author = "Seppo Lapinjoki and Heikki Elo and Hannu Taipale",
year = "1991",
doi = "10.1111/j.1469-8137.1991.tb04902.x",
language = "English",
volume = "117",
pages = "219 -- 223",
journal = "New Phytologist",
issn = "0028-646X",
publisher = "Wiley",
number = "2",

}

Development and structure of resin glands on tissues of Betula pendula Roth. during growth. / Lapinjoki, Seppo; Elo, Heikki; Taipale, Hannu.

In: New Phytologist, Vol. 117, No. 2, 1991, p. 219 - 223.

Research output: Contribution to journalArticleScientificpeer-review

TY - JOUR

T1 - Development and structure of resin glands on tissues of Betula pendula Roth. during growth

AU - Lapinjoki, Seppo

AU - Elo, Heikki

AU - Taipale, Hannu

PY - 1991

Y1 - 1991

N2 - Betula pendula Roth, and a number of other species of the genus are known to excrete resinous chemicals on juvenile shoots and twigs as deterrents against herbivores. The present studies show that the resin is produced by specific multi cellular glands that are of the same ontogenetic origin as the glands covering developing tissues in buds during winter dormancy. It was possible to deduce from observations over a season that the resin production may be regulated at two levels. Density of the glands on the shoot surface is determined at the time of tissue differentiation in the beginning of primary growth, and the excretory activity is related at least in part to gland size. Towards the end of the growth period the cores of glands were gradually filled with bark cells and the interior of the columnar excretory cells of their epidermis appeared pale and hollow instead of the dense blue in younger glands, when stained with haematoxylin. The excretion of resin by B. pendula appears to be a primary defence mechanism that is active during that part of the season, when apical growth of a juvenile shoot takes place.

AB - Betula pendula Roth, and a number of other species of the genus are known to excrete resinous chemicals on juvenile shoots and twigs as deterrents against herbivores. The present studies show that the resin is produced by specific multi cellular glands that are of the same ontogenetic origin as the glands covering developing tissues in buds during winter dormancy. It was possible to deduce from observations over a season that the resin production may be regulated at two levels. Density of the glands on the shoot surface is determined at the time of tissue differentiation in the beginning of primary growth, and the excretory activity is related at least in part to gland size. Towards the end of the growth period the cores of glands were gradually filled with bark cells and the interior of the columnar excretory cells of their epidermis appeared pale and hollow instead of the dense blue in younger glands, when stained with haematoxylin. The excretion of resin by B. pendula appears to be a primary defence mechanism that is active during that part of the season, when apical growth of a juvenile shoot takes place.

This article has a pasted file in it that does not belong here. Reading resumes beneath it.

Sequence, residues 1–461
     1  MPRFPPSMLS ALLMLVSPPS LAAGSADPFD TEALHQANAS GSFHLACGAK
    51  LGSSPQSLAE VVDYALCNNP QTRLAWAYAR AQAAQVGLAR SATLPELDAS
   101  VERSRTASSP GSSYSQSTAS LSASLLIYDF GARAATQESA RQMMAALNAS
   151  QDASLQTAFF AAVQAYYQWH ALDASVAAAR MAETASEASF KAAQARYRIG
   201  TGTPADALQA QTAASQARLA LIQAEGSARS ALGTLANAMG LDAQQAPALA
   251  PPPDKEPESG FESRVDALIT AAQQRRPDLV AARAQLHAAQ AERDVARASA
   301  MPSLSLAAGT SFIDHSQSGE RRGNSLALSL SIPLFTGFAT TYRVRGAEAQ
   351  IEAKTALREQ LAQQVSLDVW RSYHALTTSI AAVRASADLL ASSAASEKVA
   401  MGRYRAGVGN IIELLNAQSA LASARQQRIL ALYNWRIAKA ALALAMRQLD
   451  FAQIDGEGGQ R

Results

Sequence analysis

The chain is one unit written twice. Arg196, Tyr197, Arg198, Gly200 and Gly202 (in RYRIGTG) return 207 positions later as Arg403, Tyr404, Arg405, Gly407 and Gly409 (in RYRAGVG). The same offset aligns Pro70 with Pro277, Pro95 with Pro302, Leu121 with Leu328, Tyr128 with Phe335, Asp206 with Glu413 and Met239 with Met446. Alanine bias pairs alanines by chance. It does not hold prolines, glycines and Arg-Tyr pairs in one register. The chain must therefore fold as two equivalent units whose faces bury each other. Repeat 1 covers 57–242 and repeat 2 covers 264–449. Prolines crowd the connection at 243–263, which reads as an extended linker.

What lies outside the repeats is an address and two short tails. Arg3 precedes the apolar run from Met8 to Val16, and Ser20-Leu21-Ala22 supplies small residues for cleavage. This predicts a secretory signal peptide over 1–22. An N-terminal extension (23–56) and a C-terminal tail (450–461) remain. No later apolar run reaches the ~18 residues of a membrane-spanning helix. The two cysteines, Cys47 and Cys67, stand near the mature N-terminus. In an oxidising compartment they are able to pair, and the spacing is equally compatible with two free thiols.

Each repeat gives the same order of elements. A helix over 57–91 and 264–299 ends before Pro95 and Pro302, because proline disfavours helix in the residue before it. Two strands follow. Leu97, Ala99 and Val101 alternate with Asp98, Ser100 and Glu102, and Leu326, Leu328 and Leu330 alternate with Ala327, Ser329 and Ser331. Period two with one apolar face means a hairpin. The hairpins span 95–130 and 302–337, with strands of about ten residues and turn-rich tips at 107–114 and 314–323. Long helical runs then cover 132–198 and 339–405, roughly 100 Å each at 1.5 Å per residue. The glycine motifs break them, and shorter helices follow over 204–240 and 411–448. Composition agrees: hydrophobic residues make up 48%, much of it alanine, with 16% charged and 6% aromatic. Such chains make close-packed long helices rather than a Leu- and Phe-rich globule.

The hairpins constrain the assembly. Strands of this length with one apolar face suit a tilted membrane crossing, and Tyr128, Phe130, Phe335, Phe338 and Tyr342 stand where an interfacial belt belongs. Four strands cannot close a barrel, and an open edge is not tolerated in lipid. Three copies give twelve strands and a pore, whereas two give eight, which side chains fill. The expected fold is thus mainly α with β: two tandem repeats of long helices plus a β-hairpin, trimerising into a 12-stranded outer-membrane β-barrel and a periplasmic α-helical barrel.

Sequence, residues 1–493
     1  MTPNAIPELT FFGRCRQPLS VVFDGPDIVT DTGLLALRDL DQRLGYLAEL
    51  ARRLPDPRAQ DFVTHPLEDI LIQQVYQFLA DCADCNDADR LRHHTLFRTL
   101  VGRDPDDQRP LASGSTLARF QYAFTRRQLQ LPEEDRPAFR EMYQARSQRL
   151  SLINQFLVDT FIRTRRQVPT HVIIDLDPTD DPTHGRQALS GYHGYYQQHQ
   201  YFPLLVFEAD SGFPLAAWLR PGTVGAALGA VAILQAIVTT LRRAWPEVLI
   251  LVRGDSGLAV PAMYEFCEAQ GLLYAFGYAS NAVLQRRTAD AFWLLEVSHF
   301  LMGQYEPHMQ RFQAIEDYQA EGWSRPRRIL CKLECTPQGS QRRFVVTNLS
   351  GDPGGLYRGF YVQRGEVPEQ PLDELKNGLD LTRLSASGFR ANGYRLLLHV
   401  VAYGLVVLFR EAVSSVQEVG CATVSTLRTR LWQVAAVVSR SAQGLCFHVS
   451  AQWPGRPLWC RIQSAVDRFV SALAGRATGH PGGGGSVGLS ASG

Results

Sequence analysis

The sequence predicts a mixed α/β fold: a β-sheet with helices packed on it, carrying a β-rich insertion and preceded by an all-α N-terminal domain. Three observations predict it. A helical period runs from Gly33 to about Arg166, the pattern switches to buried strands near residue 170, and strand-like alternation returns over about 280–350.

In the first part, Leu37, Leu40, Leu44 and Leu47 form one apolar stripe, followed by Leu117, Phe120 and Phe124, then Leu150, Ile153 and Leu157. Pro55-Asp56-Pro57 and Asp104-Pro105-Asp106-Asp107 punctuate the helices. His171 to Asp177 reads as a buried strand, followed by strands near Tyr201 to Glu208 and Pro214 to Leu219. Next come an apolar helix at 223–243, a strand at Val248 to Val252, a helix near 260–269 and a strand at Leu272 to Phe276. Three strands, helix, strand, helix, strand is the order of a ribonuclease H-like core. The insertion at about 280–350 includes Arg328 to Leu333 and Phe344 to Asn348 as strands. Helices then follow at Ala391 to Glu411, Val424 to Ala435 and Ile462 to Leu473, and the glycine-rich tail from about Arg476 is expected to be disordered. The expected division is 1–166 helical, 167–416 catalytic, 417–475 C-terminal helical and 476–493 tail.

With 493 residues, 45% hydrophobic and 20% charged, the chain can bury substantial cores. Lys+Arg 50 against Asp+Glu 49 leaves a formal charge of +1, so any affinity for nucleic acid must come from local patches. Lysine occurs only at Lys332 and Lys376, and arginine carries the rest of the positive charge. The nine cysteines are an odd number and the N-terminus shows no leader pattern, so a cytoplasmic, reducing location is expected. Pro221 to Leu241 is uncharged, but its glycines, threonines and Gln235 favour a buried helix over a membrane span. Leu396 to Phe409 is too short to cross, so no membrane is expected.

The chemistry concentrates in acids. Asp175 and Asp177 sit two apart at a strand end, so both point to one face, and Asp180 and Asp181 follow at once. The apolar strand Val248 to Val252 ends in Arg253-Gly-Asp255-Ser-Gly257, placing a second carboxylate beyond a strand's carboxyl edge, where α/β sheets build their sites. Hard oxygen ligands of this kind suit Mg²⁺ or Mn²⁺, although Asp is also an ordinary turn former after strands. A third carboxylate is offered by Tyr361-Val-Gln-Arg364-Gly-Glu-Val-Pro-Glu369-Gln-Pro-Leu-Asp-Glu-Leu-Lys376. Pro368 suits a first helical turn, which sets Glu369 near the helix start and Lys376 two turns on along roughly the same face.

U2 - 10.1111/j.1469-8137.1991.tb04902.x

DO - 10.1111/j.1469-8137.1991.tb04902.x

M3 - Article

VL - 117

SP - 219

EP - 223

JO - New Phytologist

JF - New Phytologist

SN - 0028-646X

IS - 2

ER -